I’ll save my introduction for after the story, lest it count as a spoiler. Here, I will just say thank you to Rochelle for hosting, Claire Fuller for the photograph, and all the Fictioneers for cutting me a bit of slack at the moment, when I am struggling to read more than one or two submissions each week. My story (and then the intro) follows, and your comments and feedback are always gratefully received.

claire-fuller-8-1

Mementoes

Ella bought her first display cabinet when she was thirty-four. She’d never really been a collector; knickknacks always seemed like an expensive way to fill a house with nothing.

She chose a wooden, rugged-looking one, because Peter would have liked it. Pirate treasure wouldn’t have felt odd there. His treasures – hers now – fitted too: a piece of coral, seven rocks, a couple of dried leaves and a coin among the favourites. And then, in the final spot, the too-small urn where Peter himself could count them all forever. Her little Peter Pan, who would never grow out of boyish things.

 

Extroduction

I’ve touched on this subject before, but this week is Pregnancy and Infant Loss awareness week, and while Peter in the story is a little older than that technically includes, the grief his mother feels is certainly in the same camp.

I know all about boyish collections – our front window ledge and porch are cluttered with just the sorts of things Peter has left for his mother, and soon I will have a second little collector on my hands. What I can only imagine (and frankly, try not to), is the grief of a mother who has lost her child. The origins of Peter Pan, it has been suggested, are in just this sort of loss, and certainly when I read about a little boy who never grew up, the childish fantasy is edged with the adult fear. There is only one way to avoid aging, and very few of us would choose it for ourselves or our children.

I am thinking and feeling today for the Lost Boys (and Girls), and for the parents they left behind. I know this includes some of the Friday Fictioneers – my heart goes out to you all.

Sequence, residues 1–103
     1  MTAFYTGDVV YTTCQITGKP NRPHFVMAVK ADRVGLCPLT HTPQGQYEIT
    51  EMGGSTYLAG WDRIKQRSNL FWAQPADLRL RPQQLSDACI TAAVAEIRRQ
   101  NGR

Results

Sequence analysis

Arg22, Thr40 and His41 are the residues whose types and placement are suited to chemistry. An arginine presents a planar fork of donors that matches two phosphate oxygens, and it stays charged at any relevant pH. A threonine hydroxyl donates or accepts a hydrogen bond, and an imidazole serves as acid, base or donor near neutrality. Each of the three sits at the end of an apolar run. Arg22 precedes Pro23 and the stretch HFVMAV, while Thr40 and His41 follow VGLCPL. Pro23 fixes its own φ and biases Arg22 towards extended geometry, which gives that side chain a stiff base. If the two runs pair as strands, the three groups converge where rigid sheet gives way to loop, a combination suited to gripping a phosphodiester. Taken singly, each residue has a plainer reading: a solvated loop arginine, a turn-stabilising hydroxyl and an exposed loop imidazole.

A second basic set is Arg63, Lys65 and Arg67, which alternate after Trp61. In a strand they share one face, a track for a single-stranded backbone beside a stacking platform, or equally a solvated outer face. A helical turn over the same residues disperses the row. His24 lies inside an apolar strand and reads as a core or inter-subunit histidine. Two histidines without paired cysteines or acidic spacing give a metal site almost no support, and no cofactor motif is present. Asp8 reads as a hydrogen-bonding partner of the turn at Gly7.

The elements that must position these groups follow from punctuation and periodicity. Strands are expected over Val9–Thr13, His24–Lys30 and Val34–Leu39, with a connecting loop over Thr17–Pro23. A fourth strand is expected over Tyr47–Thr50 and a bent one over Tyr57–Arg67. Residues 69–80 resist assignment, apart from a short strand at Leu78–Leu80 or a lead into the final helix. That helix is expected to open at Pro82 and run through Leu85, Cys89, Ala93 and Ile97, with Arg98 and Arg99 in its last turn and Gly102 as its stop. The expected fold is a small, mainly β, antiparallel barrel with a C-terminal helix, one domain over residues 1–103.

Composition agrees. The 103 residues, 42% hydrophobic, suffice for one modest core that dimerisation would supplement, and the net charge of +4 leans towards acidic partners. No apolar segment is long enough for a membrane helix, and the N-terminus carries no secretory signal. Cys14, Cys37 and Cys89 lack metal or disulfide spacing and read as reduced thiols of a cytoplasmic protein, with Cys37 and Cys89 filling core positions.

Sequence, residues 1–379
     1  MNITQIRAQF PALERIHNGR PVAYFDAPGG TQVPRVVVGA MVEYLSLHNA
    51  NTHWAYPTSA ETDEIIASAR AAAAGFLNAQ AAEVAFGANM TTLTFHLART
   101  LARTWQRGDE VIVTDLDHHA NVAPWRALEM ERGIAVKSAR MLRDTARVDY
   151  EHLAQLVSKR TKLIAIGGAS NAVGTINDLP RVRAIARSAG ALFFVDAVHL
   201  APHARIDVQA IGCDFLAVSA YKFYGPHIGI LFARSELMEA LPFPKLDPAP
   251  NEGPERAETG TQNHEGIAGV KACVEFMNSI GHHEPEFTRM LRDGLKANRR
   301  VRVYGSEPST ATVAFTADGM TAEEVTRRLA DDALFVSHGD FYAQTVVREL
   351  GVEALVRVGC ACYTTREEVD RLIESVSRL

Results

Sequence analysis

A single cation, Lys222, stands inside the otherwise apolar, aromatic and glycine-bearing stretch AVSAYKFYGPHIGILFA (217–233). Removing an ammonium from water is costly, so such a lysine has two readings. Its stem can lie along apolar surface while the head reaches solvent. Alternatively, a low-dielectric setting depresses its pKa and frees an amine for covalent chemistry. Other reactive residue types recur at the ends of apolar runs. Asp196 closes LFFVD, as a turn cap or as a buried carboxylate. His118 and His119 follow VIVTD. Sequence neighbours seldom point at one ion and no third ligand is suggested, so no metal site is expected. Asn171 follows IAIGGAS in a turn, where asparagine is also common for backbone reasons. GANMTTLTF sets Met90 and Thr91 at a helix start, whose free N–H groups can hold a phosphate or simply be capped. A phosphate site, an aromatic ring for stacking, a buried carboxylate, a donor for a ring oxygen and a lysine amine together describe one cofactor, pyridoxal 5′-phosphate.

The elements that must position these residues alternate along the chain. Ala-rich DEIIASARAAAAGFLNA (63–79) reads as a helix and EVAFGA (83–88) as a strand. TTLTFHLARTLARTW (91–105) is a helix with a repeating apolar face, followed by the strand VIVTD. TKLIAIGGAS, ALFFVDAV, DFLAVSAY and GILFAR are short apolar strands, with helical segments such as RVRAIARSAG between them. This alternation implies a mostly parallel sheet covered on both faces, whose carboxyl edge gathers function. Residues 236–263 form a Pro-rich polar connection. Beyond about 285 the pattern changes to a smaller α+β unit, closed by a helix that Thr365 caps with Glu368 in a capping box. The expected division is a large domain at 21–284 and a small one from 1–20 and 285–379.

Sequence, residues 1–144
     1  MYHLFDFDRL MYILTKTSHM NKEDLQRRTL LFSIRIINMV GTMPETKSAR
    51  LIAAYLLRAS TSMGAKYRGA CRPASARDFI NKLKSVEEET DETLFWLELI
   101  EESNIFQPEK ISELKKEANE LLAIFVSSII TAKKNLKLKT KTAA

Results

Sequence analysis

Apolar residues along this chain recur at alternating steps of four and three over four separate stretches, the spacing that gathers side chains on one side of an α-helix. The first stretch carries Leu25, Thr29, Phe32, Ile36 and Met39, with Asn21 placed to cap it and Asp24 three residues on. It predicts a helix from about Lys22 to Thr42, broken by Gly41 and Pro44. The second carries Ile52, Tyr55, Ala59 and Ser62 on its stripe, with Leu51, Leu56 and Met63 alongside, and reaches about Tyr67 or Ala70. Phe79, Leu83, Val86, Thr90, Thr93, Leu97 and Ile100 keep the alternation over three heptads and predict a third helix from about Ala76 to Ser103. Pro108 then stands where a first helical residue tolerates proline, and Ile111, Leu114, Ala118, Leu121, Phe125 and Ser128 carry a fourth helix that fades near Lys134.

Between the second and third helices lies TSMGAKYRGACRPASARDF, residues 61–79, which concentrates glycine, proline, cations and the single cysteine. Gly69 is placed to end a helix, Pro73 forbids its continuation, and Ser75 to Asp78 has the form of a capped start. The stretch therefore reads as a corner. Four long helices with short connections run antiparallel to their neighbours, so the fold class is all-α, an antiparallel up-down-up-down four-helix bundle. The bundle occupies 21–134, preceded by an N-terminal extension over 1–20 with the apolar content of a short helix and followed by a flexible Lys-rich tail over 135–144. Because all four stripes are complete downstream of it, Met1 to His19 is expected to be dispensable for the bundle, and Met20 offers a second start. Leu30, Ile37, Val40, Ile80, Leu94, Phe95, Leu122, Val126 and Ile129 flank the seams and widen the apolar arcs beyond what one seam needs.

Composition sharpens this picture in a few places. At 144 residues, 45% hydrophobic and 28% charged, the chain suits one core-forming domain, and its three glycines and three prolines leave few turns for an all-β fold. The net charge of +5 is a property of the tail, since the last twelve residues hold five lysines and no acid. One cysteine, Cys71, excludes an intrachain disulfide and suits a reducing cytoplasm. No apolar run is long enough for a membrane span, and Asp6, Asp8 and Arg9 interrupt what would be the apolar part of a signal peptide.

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Remembering Catherine

Ten years ago, my best friend called me at work to share the news that our mutual friend, Catherine, had died. Catherine was suffering from depression and ultimately it killed her: she killed herself.

This month, in commemoration of her life and our loss, a group of Catherine’s University friends are making an effort of collectively walking 250 miles – roughly the distance from her home town of Bootle to our university town of Cambridge. You can track our progress and read more about the project here. I appreciate many of you sponsored me for a walk last month, but to contribute to the cause for which we are walking, you can sponsor us in aid of mental health charity the MindEd Trust if you wish

It’s a great cause, but my main reason for walking is more selfish. Walking is proven to be good for the mental and physical health, so walking is good for us as well as being good for the cause.

I’m a goal-oriented individual, so I’m naturally inclined to check off as many miles as I can, but with little feet and little brains walking alongside, that’s rarely the way it happens.

Two weekends ago, I went with the family for a long walk in the forest. We enjoyed the changing North American trees, and a low-pressure couple of hours together looking for pine cones and pretty leaf colours. Then I went back to move the car, and walked for a while alone. It was a very different experience; freer and faster, but less social.

Then last weekend, we went again. And this time, one of the youngest members of the sponsored group got his first taste of forest walking. Dominic, who only started walking at all 10 days ago, did 100 steps or so of the 2 miles total. Again, we’d have been quicker and gone further if he’d stayed on Daddy’s back, but while those few metres add nothing to the group’s total, they are some of the most special to me, along with the times we stopped to show Sebastian the difference between evergreen and deciduous trees, or took detours to hunt crickets off the main path.

For the group, this walk is about an old friend, but it is also about mental health – both that of strangers and our own. Sebastian’s been walking for almost 3 years, Dominic for less than three weeks – they are both the strongest and best reasons I can think of for walking a little less far, and getting a whole lot more out of it as a result.

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FF Rerun – Spirit Lamps

An unexpected gift from Rochelle this week, in the form of a rerun. This story includes one of my favourite characters, so I’m very happy to take a week off and bring her back to you.

https://elmowrites.wordpress.com/2013/03/27/friday-fictioneers-spirit-lamps/